Those measures are designed to enhance confidence and build a positive environment, and once they are taken they will give a fresh impetus to the peace process in our part of the world. They would also strengthen efforts to contain violence and forestall any nuclear weapons from falling into the hands of terrorists and other irresponsible elements. Finally, we hope that delegations in this Committee will lend their support to the two draft resolutions concerning the creation of a nuclear-weapon-free zone in the Middle East and addressing the danger of nuclear proliferation in that part of the world (A/C.1/60/L.3 and A/C.1/60/L.6). Those draft resolutions accurately reflect the concerns of the States of the region and dovetail with the efforts of the international community to achieve general and complete nuclear disarmament, with a view to ridding all of our peoples of the horrors of nuclear war.
Mr. Al-Kubaisi (Qatar) (spoke in Arabic): ...
The General Assembly, in a number of resolutions, the latest being 59/63, has urged all parties directly concerned to consider taking the practical and urgent steps required for the implementation of the proposal to establish a nuclear-weapon-free zone in the Middle East. In that same resolution, the General Assembly urged the countries concerned to adhere to the Treaty on the Non-Proliferation of Nuclear Weapons (NPT). In that connection, the Assembly has also urged all States that had not yet done so to submit their nuclear facilities and activities to the International Atomic Energy Agency (IAEA) safeguards regime. Until the day when a nuclear-weapon-free zone in the Middle East is a reality, we must work for the acceptance of the principles on which it is based; we must help generate the political will among the parties involved to take the steps designed to bring it about and to refrain from producing, acquiring or testing nuclear weapons and from placing such weapons on their territories or on lands under their control.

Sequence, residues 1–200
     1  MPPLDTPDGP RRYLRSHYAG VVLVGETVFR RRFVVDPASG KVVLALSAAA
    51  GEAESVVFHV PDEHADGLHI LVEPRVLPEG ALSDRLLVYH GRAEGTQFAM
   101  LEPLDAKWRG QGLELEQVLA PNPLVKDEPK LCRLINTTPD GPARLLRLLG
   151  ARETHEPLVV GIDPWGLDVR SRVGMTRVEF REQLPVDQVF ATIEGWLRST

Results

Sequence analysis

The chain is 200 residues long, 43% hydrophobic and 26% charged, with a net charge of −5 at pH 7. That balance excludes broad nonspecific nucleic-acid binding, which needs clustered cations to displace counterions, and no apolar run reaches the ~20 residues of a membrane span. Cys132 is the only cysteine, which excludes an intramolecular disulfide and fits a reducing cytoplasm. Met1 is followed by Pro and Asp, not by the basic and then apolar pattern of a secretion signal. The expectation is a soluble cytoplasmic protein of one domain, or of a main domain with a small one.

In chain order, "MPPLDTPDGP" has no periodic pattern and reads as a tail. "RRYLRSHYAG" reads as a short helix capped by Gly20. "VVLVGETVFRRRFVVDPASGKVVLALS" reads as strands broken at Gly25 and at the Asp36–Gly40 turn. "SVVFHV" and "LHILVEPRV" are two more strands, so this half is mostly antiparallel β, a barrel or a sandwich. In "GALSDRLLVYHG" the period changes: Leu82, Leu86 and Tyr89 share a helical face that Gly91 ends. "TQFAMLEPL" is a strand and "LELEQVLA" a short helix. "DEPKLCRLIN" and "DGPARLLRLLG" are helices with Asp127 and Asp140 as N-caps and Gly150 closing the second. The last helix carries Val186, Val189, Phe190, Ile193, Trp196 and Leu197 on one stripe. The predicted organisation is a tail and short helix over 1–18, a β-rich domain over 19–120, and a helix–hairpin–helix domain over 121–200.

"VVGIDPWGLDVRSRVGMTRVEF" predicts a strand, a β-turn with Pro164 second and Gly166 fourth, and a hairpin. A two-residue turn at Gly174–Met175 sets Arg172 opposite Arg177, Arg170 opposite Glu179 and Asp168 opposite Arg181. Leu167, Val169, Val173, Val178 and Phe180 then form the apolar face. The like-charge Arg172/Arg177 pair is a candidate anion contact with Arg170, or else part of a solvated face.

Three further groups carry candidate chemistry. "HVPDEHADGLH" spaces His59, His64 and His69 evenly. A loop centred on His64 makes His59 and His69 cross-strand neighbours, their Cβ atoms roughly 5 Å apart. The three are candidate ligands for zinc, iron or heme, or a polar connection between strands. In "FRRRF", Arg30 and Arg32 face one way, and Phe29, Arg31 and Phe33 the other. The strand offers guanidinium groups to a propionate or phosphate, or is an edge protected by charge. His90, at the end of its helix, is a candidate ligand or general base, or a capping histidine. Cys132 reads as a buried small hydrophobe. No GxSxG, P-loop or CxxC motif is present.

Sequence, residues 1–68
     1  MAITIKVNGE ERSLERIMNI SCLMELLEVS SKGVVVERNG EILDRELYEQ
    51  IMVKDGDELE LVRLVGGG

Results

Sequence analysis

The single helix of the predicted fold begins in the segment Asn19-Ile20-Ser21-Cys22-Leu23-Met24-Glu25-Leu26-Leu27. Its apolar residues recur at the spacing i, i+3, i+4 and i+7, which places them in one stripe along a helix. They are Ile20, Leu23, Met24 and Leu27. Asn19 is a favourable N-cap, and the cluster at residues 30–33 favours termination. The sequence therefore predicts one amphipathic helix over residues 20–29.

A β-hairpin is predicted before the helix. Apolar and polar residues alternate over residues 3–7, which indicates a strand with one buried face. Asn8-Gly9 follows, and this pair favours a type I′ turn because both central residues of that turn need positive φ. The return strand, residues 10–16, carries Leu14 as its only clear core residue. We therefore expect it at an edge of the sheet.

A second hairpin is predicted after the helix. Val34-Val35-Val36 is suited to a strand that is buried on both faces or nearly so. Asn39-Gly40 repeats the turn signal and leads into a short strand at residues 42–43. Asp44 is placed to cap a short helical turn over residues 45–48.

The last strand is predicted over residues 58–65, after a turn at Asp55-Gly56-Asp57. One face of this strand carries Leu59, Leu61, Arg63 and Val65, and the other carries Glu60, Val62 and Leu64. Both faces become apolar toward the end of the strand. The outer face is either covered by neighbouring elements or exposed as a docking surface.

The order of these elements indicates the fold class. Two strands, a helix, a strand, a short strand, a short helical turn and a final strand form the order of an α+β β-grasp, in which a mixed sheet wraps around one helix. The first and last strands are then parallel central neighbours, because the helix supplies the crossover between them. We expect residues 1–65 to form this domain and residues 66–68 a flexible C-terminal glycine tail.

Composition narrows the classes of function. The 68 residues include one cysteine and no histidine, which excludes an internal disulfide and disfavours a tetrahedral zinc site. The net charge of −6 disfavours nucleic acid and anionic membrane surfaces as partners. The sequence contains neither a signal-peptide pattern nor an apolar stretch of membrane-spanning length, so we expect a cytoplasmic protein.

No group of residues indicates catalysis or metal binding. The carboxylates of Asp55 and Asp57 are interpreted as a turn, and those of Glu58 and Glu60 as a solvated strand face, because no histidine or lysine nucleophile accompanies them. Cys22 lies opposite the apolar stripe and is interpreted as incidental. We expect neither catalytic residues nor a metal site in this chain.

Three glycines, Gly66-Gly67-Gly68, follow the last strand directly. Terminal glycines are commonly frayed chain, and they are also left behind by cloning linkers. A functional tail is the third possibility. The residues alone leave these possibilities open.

The delegation of Qatar would like to emphasize that States in our part of the world generally agree with the provisions of that and other relevant resolutions. With a view to achieving general and complete disarmament, Qatar welcomes all initiatives aimed at establishing nuclear-weapon-free zones, as well as all weapons of mass destruction. In that connection, my country signed the Treaty on the Non-Proliferation of Nuclear Weapons ( NPT) on 10 December 1996. Qatar has reaffirmed at the international level its determination and sincere commitment to making the Middle East a zone free from all weapons of mass destruction, including nuclear weapons.